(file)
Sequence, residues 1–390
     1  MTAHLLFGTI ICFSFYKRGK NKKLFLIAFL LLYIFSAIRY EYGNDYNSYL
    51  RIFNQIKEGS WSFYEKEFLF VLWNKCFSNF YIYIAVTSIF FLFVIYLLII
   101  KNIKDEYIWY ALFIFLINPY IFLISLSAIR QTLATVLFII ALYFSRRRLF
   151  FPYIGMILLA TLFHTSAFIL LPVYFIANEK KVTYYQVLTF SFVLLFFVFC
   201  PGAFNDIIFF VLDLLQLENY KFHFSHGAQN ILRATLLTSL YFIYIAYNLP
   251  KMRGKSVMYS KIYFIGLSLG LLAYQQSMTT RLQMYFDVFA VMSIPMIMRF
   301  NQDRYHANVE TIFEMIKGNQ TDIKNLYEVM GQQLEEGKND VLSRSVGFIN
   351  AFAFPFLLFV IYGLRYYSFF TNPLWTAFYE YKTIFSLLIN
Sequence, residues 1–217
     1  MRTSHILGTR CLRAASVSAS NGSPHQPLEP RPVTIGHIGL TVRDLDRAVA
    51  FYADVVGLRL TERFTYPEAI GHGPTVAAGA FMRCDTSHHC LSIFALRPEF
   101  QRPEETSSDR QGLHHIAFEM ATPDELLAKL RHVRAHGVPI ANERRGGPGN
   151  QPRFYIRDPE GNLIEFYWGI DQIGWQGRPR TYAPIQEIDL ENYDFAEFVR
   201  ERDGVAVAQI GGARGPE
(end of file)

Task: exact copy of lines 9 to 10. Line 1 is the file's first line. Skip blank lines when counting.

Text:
   351  AFAFPFLLFV IYGLRYYSFF TNPLWTAFYE YKTIFSLLIN
Sequence, residues 1–217